by Randall Auxier
I cannot stand to have my picture taken. I am told that my vanity won’t abide an honest depiction. The people who told me this weren’t nearly so eloquent in expressing the point as I was in that lovely sentence you just read. I am vain indeed, but not about my appearance. If you would know what wounds my vanity, it is a critique of my writing that finds the real weaknesses. I dare you . . . no, on second thought, spare me.
I never wanted my picture taken, even when I was young, and thin, and better looking. I also didn’t want to cut my hair. So I didn’t, and I wore ragged second-hand clothes, and I didn’t get my picture made. My checks were refused at grocery stores and I was mistaken for homeless from time to time. I maintain this “aesthetic” into the present, if that’s what it is. I could easily appear in this quiz. But now, now we live in a culture that constantly makes my picture whether I like it or not. At least it doesn’t cut my hair or force me into nice clothes. Yet.
Above is Hanakahi the Hula Girl, pictured in front of the world’s largest catsup bottle, which doubles as a water tower in Collinsville, Illinois. I have realized that Hanakahi (along with her sisters and cousins) is my Selfie Surrogate. Since I don’t want pictures of myself, but I do want to be part of the fun, I created a Selfie Scenario without the self. You can visit her page and see that Hanakahi (i.e., I and my spouse) has been lots of places –38 states, 27 state capitols, the bulk of Western Europe, and numerous points of interest. She has a narrative, created in prose by yours truly, and can stand in for me where others would put a selfie. I don’t have to put myself into the picture or the story, but I do control it all, don’t I?
And there’s the rub. Modernity is haunted by the omnipresence of the spectator. I don’t like it, but I like the control it affords. Why reveal my life to you when you can infer it from her adventures? I like that extra layer of protection. You don’t wanna follow Hanakahi? OK, but that isn’t exactly a rejection of me, now, is it? Surrogate Selves are one end of the spectrum. There’s another end (as we’ll see shortly). But I think I’m like a lot of people. I may be a bit more willing to put myself into prose than most, but only on my own terms, no? As for living on the edge, well, no, it’s the opposite of that. Hanakahi spectates the world through the windshield of a minivan, and I take the droit d’auteur directeur artistique. (God, I love it when I speak French.)
Others put themselves in that role. For example, Brooke Shaden has raised the selfie to the level of fine art. Her work is almost too good to be art, since it pleases us a bit too much (and we are supposed to be ambivalent about fine art and wonder what all the fuss is). This work obviously strives to be fine art. It has all the knowledge of Western history crammed into its composition, contrasts, forms, expression, ad nauseam (God, I love it when I speak Latin). I admit that Shaden’s images are very much to my taste, but you know, de gustibus non disputandum est. And, as the Germans might say, was ist mir viel schön, geschmeckt dir Wurst. They don’t actually say this, but they might if their command of their language was as crude as my command of their language. (God I love it when I make up new things from nearly perfect ignorance.)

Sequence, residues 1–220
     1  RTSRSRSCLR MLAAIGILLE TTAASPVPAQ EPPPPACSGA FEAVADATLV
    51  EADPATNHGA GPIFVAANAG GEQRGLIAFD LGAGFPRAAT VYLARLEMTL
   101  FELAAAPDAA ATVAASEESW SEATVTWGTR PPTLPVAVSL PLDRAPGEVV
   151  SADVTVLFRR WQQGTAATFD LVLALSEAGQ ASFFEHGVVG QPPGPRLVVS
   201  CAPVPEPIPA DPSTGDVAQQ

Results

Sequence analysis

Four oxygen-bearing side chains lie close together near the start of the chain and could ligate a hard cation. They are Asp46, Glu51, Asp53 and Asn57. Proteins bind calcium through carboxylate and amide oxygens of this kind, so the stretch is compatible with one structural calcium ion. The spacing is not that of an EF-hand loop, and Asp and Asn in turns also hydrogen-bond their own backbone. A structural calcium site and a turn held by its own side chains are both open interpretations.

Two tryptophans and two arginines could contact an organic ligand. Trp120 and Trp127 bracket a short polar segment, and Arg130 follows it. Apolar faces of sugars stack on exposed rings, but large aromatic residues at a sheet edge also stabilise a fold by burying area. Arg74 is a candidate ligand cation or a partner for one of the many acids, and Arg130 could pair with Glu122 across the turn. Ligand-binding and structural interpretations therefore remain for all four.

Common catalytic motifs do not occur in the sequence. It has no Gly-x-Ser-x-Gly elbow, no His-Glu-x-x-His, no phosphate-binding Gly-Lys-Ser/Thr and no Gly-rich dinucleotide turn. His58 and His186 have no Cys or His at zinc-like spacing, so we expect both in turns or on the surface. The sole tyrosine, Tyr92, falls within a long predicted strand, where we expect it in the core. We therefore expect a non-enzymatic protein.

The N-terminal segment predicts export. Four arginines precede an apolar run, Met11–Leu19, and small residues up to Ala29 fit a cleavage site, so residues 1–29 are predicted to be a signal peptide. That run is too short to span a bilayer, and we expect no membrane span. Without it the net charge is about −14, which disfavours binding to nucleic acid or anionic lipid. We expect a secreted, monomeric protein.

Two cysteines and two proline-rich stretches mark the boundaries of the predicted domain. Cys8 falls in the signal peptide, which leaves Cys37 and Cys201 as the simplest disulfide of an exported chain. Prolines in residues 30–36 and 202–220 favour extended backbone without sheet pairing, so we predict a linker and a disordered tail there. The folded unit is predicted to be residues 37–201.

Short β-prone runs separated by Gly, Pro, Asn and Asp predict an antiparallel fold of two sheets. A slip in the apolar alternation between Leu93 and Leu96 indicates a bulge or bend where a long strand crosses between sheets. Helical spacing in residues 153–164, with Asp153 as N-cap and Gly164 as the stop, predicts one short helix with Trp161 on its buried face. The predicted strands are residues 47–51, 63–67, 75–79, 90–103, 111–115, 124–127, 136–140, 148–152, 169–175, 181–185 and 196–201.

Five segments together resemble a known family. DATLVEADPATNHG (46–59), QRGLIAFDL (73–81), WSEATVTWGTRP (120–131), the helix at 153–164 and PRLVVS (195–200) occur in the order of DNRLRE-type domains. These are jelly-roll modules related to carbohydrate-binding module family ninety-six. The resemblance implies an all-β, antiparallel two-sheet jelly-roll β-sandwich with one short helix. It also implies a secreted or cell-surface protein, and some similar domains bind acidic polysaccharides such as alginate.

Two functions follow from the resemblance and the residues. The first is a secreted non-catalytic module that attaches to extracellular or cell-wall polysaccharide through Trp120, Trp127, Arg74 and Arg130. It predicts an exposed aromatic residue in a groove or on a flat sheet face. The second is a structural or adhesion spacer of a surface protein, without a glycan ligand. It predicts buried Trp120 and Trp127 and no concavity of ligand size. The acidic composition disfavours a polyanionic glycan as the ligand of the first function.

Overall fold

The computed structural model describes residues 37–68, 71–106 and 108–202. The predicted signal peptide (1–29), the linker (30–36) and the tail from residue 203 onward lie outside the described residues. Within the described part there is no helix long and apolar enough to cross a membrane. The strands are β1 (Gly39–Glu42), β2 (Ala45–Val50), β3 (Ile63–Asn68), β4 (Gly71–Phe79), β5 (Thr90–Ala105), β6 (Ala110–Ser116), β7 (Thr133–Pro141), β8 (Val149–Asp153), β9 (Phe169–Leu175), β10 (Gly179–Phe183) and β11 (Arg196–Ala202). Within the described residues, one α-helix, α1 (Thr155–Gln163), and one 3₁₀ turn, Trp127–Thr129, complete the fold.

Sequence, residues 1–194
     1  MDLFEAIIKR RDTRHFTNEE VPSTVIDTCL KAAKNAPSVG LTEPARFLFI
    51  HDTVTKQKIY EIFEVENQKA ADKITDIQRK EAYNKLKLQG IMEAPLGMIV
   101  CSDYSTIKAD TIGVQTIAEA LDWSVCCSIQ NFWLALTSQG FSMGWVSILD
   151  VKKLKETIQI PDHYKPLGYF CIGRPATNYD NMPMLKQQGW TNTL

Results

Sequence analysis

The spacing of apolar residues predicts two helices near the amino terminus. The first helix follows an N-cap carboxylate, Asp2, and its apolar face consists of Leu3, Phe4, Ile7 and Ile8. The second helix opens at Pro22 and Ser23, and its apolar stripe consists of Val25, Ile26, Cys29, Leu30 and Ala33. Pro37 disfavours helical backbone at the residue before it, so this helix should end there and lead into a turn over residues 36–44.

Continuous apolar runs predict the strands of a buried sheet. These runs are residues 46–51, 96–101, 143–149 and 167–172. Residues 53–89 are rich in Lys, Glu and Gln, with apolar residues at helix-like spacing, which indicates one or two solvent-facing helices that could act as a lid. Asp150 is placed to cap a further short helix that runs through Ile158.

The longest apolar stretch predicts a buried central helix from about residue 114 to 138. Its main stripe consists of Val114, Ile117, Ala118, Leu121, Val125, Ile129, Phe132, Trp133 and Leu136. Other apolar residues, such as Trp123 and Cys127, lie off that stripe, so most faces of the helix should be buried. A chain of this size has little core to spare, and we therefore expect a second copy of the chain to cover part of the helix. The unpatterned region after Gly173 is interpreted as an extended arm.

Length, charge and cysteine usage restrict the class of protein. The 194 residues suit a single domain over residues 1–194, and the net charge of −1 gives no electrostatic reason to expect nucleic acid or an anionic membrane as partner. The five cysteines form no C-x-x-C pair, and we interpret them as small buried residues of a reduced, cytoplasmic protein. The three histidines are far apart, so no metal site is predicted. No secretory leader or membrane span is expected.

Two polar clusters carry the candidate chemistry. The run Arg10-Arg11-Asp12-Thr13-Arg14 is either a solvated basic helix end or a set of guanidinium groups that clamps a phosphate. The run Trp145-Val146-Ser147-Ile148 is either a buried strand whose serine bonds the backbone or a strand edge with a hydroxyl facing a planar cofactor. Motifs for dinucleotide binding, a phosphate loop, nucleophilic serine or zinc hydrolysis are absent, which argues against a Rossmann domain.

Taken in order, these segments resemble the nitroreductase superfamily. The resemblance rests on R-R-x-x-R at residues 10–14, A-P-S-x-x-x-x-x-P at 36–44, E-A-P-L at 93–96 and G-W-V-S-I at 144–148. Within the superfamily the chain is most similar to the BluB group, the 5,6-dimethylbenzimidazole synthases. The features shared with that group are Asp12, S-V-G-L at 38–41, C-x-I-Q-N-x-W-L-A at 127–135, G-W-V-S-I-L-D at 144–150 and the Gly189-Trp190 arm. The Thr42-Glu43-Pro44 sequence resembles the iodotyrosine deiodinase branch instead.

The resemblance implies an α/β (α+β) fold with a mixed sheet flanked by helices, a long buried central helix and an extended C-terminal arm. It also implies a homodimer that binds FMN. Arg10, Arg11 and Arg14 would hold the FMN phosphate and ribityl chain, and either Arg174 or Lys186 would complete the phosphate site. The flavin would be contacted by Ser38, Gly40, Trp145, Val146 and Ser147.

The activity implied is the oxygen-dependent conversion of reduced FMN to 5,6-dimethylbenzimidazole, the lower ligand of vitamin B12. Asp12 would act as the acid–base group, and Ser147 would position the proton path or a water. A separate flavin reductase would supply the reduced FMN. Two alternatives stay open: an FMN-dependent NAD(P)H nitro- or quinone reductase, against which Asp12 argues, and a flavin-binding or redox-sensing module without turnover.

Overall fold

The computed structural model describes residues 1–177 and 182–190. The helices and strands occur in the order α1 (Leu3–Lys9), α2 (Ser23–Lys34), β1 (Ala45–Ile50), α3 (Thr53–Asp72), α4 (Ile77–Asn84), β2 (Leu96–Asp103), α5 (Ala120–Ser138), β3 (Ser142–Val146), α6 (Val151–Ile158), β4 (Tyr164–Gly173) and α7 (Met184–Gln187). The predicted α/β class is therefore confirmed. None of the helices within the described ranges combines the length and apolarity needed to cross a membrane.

Crispin Sartwell encourages us to see art and knowledge as a “fusion.” (see The Art of Living, pp. 125 ff.) He means that being (merely) the spectator doesn’t work well for knowing. We end up with a purely abstract idea of knowing. So, yeah, Hanakahi doesn’t know the catsup bottle (neither does her directeur). She didn’t exactly climb up on it for a closer look. It’s 170 feet at the top. Thank you, no. But what matter? It’s just a cutesie travelogue. Still, behind every act of knowing is an experience. That’s Satrwell’s point. The experience may be hard to recover from viewing the artwork, but it’s the basis. Looking at Shaden’s images, there is so much staging and post-production, and everything so obviously creates an image especially for the eye to consume, that being the self in those selfies is pretty distant in our imaginations.
On the other hand, there is Justin Casquejo. I hardly know what to say about him. People have called him a daredevil, a fool, a criminal, an airhead, and other words not so tame. But if his “vision” (in every sense of the word) is not a fusion of art, experience, and knowledge, I don’t know what is. I can barely watch what he does. He has overcome the problem of imaginative “distance,” since I can’t even look without feeling like I’m there. On the other hand, the images are stunning, possibly lasting works of art, as well as experiences that point to a kind of knowing quite peculiar to Justin himself. Justin may not last, but how can anyone deny: (1) that the images are beautiful; (2) that they are intended to be beautiful; and (3) that we cannot help being drawn in to the experience they bring to us? This is art, by Sartwell’s standards.
Sartwell also insists that genuine art grows from our everyday experience, from a rootedness in what we are and what we do, in this time, this place. Is Justin, with his daring selfie stick, what we are? Is Brooke Shaden? Is Hanakahi? What does it mean to embrace experience, and the knowledge that goes with it, when it comes to living the art? In a culture where, as Danto said, anything can be art, do we cede to the “artworld” the decision about what is art? The artworld likes Brooke Shaden, increasingly. It doesn’t notice Hanakahi. And it furiously rejects Justin Casquejo. Yet, the latter has his crew and collaborators, his aesthetic ideas and experiential goals, and his public.
My guess is that Sartwell will say, “yes, Casquejo is giving us art.” For my part, well, I prefer not to have my picture taken. I’d rather see the Biggest Ball of Twine in Minnesota. It’s worth the trip, I hear.